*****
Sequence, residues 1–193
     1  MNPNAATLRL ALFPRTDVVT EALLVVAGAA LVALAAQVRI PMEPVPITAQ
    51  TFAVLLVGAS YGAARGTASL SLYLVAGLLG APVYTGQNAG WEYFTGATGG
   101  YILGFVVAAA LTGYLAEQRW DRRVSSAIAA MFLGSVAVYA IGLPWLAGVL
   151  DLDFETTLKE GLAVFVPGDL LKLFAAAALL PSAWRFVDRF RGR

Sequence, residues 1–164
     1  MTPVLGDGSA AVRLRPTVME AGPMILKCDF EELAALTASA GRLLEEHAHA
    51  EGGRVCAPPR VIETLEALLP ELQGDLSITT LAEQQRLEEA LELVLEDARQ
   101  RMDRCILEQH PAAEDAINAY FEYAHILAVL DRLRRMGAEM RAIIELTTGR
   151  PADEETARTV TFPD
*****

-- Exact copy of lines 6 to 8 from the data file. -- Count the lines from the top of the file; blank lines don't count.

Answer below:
Sequence, residues 1–164
     1  MTPVLGDGSA AVRLRPTVME AGPMILKCDF EELAALTASA GRLLEEHAHA
    51  EGGRVCAPPR VIETLEALLP ELQGDLSITT LAEQQRLEEA LELVLEDARQ